Florida Company Close to Obtaining DEA License to Grow Cannabis for Research

Maridose LLC, based in Florida, is close to obtaining DEA approval to cultivate cannabis for research purposes in Maine.

Full story after the jump.

Maridose LLC, a Florida-based research firm, is in the final stages of obtaining a federal license from the U.S. Drug Enforcement Administration (DEA) to grow cannabis in Maine for medical research, the Portland Press Herald reports. Maridose is one of at least 37 companies that has applied to the agency to cultivate cannabis for federal research.

The DEA announced last year that it would approve applications to cultivate cannabis for research purposes. The decision ended the University of Mississippi’s half-century monopoly on growing research-grade cannabis for the feds. There are about 600 researchers throughout the U.S. who have federal approval to research cannabis but only one source to obtain research material.

Maridose is founded by Richard Shain, a former Procter & Gamble executive and product development specialist, and partners with Tikun Olam, Israel’s largest legal grower and supplier of medical cannabis. Shain told the Press Herald that the company plans to contract with researchers for specific strains and described the amount of cannabis they could grow as “minuscule.”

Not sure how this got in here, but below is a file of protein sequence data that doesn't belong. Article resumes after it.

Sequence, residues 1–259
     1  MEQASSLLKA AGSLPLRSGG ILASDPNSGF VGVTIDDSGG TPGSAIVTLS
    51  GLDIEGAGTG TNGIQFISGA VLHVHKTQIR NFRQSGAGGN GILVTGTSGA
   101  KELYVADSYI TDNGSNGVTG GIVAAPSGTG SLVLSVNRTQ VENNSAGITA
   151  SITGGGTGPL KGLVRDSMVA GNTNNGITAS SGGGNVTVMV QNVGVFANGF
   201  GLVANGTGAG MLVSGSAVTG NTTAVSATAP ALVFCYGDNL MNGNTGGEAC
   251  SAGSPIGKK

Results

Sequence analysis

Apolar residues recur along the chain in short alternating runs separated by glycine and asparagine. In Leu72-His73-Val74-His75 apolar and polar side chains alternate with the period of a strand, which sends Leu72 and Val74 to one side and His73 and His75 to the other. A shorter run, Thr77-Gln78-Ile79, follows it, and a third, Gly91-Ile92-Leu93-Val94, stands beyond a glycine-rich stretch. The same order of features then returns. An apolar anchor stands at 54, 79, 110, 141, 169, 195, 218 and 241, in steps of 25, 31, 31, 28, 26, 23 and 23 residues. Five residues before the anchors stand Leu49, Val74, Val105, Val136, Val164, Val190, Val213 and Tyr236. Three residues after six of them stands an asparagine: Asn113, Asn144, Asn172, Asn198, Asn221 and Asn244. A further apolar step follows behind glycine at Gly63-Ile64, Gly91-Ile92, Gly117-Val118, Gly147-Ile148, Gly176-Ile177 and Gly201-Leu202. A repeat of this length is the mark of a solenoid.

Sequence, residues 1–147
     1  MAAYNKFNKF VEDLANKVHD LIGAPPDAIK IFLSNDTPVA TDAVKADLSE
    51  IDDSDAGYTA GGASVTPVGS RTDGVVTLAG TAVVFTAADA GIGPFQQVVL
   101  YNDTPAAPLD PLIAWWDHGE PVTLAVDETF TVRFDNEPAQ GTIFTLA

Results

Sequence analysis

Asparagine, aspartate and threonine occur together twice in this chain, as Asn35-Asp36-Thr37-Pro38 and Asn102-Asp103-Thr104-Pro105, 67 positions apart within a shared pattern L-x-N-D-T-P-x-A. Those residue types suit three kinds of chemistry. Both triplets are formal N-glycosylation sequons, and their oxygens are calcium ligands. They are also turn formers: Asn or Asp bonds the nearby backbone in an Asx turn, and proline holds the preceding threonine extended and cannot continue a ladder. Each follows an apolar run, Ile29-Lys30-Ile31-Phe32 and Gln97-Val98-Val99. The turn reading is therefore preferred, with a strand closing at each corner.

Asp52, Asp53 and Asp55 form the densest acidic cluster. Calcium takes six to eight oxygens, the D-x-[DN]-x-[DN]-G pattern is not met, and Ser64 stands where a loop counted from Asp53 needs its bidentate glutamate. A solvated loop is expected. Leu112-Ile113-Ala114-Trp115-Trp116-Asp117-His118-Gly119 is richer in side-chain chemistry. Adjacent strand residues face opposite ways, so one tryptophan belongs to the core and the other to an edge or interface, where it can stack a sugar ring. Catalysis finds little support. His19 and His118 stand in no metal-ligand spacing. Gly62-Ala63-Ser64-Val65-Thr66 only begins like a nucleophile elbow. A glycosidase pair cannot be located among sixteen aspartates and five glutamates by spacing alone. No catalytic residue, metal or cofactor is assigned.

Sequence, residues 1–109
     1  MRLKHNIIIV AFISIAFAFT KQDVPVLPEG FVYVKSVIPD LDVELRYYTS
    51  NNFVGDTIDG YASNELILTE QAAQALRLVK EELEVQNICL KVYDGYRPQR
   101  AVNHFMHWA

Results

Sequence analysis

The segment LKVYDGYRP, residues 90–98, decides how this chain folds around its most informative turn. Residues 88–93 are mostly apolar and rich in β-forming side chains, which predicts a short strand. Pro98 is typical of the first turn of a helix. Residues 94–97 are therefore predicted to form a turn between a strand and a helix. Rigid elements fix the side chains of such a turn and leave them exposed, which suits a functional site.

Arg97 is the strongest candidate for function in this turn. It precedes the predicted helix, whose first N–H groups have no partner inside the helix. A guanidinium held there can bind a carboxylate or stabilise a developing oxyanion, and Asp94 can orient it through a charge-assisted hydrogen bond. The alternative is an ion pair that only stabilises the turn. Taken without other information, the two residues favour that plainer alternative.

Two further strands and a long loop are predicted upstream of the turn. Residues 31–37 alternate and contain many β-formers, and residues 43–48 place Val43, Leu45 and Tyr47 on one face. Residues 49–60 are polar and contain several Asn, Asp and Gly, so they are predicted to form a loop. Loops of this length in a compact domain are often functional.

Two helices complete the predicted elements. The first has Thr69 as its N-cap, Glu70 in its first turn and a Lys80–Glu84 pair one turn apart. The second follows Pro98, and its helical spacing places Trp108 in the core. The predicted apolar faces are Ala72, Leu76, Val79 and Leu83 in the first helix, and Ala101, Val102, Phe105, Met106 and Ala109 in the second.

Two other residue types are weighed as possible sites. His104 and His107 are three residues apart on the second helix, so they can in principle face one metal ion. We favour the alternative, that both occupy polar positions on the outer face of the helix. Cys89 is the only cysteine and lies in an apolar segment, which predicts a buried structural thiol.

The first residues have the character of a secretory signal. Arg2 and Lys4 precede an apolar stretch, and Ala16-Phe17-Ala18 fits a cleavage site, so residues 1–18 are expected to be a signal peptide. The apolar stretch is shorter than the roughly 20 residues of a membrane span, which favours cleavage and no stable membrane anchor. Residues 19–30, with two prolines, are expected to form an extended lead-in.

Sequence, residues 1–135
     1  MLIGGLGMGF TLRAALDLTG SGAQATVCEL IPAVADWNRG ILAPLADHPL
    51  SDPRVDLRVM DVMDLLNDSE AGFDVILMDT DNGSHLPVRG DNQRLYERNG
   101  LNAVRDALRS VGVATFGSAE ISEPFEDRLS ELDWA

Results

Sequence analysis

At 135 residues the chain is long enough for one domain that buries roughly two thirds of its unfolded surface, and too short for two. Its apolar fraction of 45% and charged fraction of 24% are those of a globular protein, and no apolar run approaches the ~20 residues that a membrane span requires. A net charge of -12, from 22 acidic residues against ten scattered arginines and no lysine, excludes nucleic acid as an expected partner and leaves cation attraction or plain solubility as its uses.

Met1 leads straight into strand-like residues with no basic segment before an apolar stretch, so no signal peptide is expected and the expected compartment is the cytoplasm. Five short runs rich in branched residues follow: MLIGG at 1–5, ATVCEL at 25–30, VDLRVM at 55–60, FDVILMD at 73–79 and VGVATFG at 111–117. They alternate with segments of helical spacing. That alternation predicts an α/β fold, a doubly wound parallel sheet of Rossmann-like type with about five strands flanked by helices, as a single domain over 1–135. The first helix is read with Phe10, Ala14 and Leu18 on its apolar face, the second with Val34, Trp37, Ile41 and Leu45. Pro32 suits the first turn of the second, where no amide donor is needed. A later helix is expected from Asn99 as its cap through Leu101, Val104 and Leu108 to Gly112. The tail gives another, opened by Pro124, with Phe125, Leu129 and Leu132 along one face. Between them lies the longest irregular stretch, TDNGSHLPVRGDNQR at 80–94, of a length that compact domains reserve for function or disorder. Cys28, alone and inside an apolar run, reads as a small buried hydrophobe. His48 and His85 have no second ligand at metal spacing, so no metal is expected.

“We won’t be sitting there with 50 pounds of cannabis, waiting to sell it to the researchers. We’re not planning on growing mass generic strains. We will custom-grow the amount needed for the study.” – Shain to the Press Herald.

It’s so far unclear how many permits the DEA intends to issue. In the rule published in the Federal Register, the agency included cost estimates for three and 15 sites but did not commit to a number. Cultivators must have safeguards to prevent the diversion of cannabis to the illicit market, and the ability to provide an adequate and uninterrupted supply to researchers.

Tikun Olam won Israel’s first license to grow and administer medical cannabis in 2005 and U.S. researchers that use Maridose cannabis would be able to access clinical data collected from the 20,000 patients that have been treated with Tikun Olam’s cannabis

Between 2017 and 2020, the DEA increased its cannabis production quota from 472 kilograms to 3,200 kilograms. During that same period, the agency increased the number of registered researchers from 371 to 595.

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